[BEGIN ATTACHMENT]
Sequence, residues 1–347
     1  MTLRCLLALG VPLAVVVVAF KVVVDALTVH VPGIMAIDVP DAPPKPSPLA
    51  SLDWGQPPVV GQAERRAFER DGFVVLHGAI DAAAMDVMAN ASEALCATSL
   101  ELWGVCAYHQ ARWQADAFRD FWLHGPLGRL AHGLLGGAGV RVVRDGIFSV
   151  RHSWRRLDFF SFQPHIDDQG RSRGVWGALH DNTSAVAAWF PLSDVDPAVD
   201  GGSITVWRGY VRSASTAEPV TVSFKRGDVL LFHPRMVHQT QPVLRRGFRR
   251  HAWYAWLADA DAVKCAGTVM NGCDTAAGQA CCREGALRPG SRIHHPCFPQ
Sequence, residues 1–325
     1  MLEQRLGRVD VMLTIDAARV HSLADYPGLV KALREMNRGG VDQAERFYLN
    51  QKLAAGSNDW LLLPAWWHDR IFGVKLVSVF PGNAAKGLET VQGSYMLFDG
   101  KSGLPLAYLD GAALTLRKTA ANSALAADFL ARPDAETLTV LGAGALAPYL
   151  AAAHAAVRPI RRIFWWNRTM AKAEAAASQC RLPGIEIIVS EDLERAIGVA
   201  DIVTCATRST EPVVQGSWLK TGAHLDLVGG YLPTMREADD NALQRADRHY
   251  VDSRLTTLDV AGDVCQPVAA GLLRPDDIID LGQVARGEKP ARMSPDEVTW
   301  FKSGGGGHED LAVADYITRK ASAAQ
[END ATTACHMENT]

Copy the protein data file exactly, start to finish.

Sequence, residues 1–347
     1  MTLRCLLALG VPLAVVVVAF KVVVDALTVH VPGIMAIDVP DAPPKPSPLA
    51  SLDWGQPPVV GQAERRAFER DGFVVLHGAI DAAAMDVMAN ASEALCATSL
   101  ELWGVCAYHQ ARWQADAFRD FWLHGPLGRL AHGLLGGAGV RVVRDGIFSV
   151  RHSWRRLDFF SFQPHIDDQG RSRGVWGALH DNTSAVAAWF PLSDVDPAVD
   201  GGSITVWRGY VRSASTAEPV TVSFKRGDVL LFHPRMVHQT QPVLRRGFRR
   251  HAWYAWLADA DAVKCAGTVM NGCDTAAGQA CCREGALRPG SRIHHPCFPQ
Sequence, residues 1–325
     1  MLEQRLGRVD VMLTIDAARV HSLADYPGLV KALREMNRGG VDQAERFYLN
    51  QKLAAGSNDW LLLPAWWHDR IFGVKLVSVF PGNAAKGLET VQGSYMLFDG
   101  KSGLPLAYLD GAALTLRKTA ANSALAADFL ARPDAETLTV LGAGALAPYL
   151  AAAHAAVRPI RRIFWWNRTM AKAEAAASQC RLPGIEIIVS EDLERAIGVA
   201  DIVTCATRST EPVVQGSWLK TGAHLDLVGG YLPTMREADD NALQRADRHY
   251  VDSRLTTLDV AGDVCQPVAA GLLRPDDIID LGQVARGEKP ARMSPDEVTW
   301  FKSGGGGHED LAVADYITRK ASAAQ